Elizabeth N.R. Friman


Elizabeth Noble Rollings Friman is a principal and licensed fiduciary at Fleming & Curti, PLC. Elizabeth enjoys estate planning and helping families navigate trust and probate administrations. She is passionate about the fiduciary work that she performs as a trustee, personal representative, guardian, and conservator. Elizabeth works with CPAs, financial professionals, case managers, and medical providers to tailor solutions to complex family challenges. Elizabeth is often called upon to serve as a neutral party so that families can avoid protracted legal conflict. Elizabeth relies on the expertise of her team at Fleming & Curti, and as the Firm approaches its third decade, she is proud of the culture of care and consideration that the Firm embodies. Finding workable solutions to sensitive and complex family challenges is something that Elizabeth and the Fleming & Curti team do well.

Amy F. Matheson


Amy Farrell Matheson has worked as an attorney at Fleming & Curti since 2006. A member of the Southern Arizona Estate Planning Council, she is primarily responsible for estate planning and probate matters.

Amy graduated from Wellesley College with a double major in political science and English. She is an honors graduate of Suffolk University Law School and has been admitted to practice in Arizona, Massachusetts, New York, and the District of Columbia.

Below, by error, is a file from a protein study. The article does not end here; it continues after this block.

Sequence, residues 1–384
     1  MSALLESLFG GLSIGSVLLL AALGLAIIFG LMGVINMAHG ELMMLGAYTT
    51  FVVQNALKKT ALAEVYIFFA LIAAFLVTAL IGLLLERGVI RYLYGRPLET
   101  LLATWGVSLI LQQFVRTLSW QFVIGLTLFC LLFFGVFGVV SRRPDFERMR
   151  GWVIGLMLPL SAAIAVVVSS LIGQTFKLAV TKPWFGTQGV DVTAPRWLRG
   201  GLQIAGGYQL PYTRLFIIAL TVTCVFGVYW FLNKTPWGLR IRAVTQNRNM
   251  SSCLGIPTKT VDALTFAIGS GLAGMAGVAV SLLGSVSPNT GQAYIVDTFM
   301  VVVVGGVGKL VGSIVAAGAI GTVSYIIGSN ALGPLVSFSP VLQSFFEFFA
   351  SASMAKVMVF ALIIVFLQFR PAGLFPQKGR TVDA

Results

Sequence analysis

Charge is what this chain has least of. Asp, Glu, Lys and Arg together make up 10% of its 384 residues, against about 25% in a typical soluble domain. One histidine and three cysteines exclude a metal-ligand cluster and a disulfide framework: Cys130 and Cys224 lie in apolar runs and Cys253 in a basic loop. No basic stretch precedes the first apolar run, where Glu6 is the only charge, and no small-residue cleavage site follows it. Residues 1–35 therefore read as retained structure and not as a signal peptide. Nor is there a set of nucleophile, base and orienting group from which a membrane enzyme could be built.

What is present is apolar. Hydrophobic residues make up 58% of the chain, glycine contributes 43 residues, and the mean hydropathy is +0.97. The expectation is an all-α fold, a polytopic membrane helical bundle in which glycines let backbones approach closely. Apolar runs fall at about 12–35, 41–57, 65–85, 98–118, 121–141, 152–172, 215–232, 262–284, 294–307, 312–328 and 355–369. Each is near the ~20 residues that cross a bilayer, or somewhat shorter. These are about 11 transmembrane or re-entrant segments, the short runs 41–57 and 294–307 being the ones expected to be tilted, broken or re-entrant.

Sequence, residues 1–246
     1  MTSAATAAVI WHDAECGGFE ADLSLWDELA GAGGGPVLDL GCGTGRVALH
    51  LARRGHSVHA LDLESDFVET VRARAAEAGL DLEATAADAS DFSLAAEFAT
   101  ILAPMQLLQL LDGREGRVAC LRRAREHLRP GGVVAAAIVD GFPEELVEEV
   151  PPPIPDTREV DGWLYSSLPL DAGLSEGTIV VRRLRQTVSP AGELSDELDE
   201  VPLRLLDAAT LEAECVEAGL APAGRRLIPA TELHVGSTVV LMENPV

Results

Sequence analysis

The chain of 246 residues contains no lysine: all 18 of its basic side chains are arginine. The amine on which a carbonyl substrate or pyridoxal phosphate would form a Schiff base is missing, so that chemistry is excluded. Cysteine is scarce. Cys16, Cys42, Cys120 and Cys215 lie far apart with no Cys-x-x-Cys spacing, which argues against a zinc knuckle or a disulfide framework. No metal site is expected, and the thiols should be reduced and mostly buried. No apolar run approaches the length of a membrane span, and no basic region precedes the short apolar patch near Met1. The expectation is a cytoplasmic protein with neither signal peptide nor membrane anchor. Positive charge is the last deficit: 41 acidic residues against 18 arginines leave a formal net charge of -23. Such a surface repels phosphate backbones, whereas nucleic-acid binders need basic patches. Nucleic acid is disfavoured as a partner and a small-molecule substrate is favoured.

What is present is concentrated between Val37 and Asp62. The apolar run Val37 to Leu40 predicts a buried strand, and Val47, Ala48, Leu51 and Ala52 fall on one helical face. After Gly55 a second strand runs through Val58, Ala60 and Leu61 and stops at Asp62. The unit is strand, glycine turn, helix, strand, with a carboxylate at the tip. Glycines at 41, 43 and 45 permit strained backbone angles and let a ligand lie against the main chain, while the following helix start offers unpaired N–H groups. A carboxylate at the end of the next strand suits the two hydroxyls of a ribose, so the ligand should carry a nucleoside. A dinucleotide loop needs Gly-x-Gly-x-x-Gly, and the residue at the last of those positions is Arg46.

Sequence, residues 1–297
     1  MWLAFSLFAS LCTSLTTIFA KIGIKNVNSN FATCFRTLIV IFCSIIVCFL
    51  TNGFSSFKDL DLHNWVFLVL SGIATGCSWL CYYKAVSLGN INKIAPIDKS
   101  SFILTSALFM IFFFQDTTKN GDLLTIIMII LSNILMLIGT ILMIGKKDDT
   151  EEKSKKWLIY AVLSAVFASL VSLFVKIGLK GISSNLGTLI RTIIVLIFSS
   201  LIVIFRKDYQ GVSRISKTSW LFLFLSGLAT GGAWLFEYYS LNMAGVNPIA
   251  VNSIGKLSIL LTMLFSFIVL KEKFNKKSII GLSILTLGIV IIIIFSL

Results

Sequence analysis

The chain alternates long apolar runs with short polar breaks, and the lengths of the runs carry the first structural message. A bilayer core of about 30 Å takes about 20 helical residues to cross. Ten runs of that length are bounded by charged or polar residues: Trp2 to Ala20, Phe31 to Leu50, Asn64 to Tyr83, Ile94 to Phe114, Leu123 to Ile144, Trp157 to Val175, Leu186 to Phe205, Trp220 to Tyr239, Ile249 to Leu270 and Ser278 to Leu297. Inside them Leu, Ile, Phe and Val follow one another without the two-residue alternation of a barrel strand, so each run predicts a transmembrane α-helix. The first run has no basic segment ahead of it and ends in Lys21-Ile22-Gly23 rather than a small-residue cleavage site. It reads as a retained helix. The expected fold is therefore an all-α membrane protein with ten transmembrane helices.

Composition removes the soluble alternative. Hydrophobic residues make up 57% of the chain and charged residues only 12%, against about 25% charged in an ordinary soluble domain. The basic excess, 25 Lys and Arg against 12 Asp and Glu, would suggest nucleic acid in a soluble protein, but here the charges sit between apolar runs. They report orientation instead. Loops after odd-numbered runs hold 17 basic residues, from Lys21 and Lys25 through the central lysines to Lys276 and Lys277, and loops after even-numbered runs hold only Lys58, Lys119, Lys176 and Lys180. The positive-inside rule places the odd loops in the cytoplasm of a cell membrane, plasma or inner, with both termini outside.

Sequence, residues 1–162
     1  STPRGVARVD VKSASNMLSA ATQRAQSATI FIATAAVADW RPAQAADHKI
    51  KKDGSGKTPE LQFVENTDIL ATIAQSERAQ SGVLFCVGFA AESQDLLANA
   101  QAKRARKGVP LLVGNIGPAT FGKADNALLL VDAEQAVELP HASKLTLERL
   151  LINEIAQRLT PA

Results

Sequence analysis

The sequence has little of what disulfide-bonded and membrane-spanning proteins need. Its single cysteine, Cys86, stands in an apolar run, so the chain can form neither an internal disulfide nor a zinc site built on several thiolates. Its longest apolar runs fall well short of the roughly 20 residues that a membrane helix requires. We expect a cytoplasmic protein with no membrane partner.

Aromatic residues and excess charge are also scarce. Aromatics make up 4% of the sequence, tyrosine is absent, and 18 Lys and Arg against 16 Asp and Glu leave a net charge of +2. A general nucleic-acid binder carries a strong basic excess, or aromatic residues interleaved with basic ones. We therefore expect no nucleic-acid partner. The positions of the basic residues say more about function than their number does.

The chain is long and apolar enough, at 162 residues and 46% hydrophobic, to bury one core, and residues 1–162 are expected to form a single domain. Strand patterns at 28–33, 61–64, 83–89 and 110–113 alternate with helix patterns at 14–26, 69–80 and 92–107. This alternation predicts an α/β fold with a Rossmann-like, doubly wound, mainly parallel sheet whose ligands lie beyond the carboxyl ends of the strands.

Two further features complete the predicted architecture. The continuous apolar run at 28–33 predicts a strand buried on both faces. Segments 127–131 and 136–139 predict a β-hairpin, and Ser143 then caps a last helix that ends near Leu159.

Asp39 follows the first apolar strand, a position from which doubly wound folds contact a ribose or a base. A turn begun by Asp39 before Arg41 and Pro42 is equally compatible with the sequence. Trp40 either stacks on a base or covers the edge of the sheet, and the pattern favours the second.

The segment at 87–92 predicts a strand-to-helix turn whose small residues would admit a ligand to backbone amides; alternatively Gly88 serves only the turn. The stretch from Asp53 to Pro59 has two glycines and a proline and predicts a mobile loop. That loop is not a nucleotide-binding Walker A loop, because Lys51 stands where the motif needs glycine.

Prior to joining Fleming & Curti, Amy worked for American Public Television in Boston, and with the international trade group at White & Case, LLP, in Washington, D.C.

Amy’s husband, Tom, is an astronomer at NOIRLab and the Head of Time Domain Services, whose main project is ANTARES. Sadly, this does not involve actual time travel. Amy’s twin daughters are high school students; Finn, her Irish Red and White Setter, remains a puppy at heart.

Famous people's wills

Matthew M. Mansour


Matthew is a law clerk who recently earned his law degree from the University of Arizona James E. Rogers College of Law. His undergraduate degree is in psychology from the University of California, Santa Barbara. Matthew has had a passion for advocacy in the Tucson community since his time as a law student representative in the Workers’ Rights Clinic. He also has worked in both the Pima County Attorney’s Office and the Pima County Public Defender’s Office. He enjoys playing basketball, caring for his cat, and listening to audiobooks narrated by the authors.